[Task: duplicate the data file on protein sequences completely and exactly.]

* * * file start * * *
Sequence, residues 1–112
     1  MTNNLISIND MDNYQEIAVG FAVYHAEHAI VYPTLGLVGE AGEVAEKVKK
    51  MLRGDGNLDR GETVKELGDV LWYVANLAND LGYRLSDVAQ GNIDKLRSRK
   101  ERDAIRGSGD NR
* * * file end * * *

Sequence, residues 1–112
     1  MTNNLISIND MDNYQEIAVG FAVYHAEHAI VYPTLGLVGE AGEVAEKVKK
    51  MLRGDGNLDR GETVKELGDV LWYVANLAND LGYRLSDVAQ GNIDKLRSRK
   101  ERDAIRGSGD NR